As scholars, activists, and professionals, we are deeply concerned about endemic poverty in our country, and about the lack of voice of the rural poor to demand better services and policies that can enable them to live in dignity and realise the gains from their own search for decent living standards. As such, we are deeply distressed by the discrepancy between donors’ utterances about commitment to the poor, and their actions which show a continuation of aid business as usual in countries like Ethiopia in which the rural population is being suppressed and in which developments suggest tense political fragility. We are also keenly aware that, while there are many dedicated and competent staff in the Bank, incentive structures for promotion and recognition do not reinforce, but rather work against, motivations of staff to work toward reducing poverty. We are thus concerned that decisions to continue providing budget support (by whatever name) to the Ethiopian government at a time when it is apparent that the regime’s incentives will lead to aid abuse are in part driven by the need to keep lending money at any cost, even if it hurts Ethiopia’s poor. Sadly, ‘aid dependency’ goes both ways.

Be one of the voices calling for aid to be a tool, not a hindrance, to poverty reduction.

As a professional commited to making aid a tool for promoting growth and reducing poverty, please contact the responsible Bank officials (contact information below), and urge them:

  1. to adhere to their original public declaration that budget support will be discontinued. Budget support is a suitable and appropriate lending instrument for certain types of governments in certain kinds of contexts. The donor community spoke loudly and clearly that Ethiopia is no longer such a government.
  2. to channel resources to the poor through the standard investment project vehicle. We owe it to the rural population in Ethiopia that strong safeguards are in place to obviate diversion of public funds for political use in a context where this is otherwise highly likely to happen.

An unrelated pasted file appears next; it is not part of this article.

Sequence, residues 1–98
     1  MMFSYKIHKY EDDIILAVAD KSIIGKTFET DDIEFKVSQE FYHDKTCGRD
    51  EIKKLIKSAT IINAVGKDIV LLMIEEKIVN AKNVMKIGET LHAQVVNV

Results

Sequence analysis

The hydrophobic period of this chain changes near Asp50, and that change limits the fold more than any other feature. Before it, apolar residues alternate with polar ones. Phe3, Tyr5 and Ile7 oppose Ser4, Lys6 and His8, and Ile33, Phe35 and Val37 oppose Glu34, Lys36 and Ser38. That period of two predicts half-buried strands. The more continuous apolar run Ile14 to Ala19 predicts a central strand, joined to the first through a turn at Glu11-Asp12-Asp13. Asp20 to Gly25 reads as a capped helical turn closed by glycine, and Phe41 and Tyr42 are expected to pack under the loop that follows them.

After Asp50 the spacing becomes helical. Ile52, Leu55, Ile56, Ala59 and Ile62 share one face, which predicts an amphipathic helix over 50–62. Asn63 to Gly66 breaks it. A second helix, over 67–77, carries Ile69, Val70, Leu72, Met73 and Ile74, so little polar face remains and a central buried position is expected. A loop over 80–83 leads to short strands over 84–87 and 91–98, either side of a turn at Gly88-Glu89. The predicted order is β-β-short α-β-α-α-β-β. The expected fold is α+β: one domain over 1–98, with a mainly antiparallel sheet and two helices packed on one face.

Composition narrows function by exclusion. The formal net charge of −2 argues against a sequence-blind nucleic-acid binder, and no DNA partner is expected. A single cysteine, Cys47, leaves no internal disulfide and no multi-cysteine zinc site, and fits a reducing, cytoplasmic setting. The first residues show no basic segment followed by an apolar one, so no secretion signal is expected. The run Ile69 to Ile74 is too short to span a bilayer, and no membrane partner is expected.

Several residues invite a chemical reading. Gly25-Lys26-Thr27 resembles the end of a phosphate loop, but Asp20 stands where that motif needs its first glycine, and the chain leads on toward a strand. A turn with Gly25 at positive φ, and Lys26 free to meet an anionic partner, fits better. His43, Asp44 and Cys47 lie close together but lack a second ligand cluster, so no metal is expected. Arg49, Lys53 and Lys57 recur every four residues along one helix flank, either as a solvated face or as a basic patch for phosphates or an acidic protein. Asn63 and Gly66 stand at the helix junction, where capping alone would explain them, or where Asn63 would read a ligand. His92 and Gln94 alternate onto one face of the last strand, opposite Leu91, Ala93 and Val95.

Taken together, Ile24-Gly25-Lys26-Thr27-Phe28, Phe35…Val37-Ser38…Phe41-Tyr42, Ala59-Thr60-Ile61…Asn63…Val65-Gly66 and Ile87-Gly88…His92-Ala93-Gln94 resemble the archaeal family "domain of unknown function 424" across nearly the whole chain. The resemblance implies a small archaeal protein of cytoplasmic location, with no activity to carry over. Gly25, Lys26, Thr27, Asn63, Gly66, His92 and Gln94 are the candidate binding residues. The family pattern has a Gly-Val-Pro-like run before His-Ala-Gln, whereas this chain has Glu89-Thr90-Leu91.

3. to incorporate in the project a strong component that would seek to empower the poor to demand quality public services. Incentives for efficient delivery of basic services at the local level are only realised when beneficiaries become clients to whom suppliers are accountable.
  4. to join those voices in the international community which unequivocally call for the government to refrain from creating in political conditions that perpetuate poverty, including human rights violations in the rural areas, where the vast majority of the poor reside.

Lead Economist Trina Haque
Tel: (202) 458-5775
Fax: (202) 473-8107

Country Programme Coordinator
Jill Armstrong
Tel: (202) 473-8471
Fax: (202) 473-5453

Country Director
Ishac Diwan

Vice President, Africa Region
Gobind Nankani

1 Human Rights Watch, 13 Jan 2006:
“Ethiopia: Hidden Crackdown in Rural Areas – Independent Inquiry should Investigate Rural Violence”.
Letter by Development Assistance Group (DAG) to the Ethiopian Government, 15. November 2005.
3 United Nations IRIN News, 5. Jan 2006:
Ethiopia: Trial of Opposition Activists "Divisive" – US Diplomat.
4 Examples of media coverage of these trials include: The Economist, 16. Mar 2006:
Injustice will be done. Recently (2. May 2006) a detailed report on the trials was issued by Amnesty International (“Ethiopia - Prisoners of conscience on trial for treason: opposition party leaders, human rights defenders and journalists”).
5 E.g. see Financial Times, 29. Dec 2005:
Donors Plan to Withhold $375 million from Ethiopia.
6 Ishac Diwan, 10 Mar 2006:
“World Bank strategy for Ethiopia? Here are a few salient points” on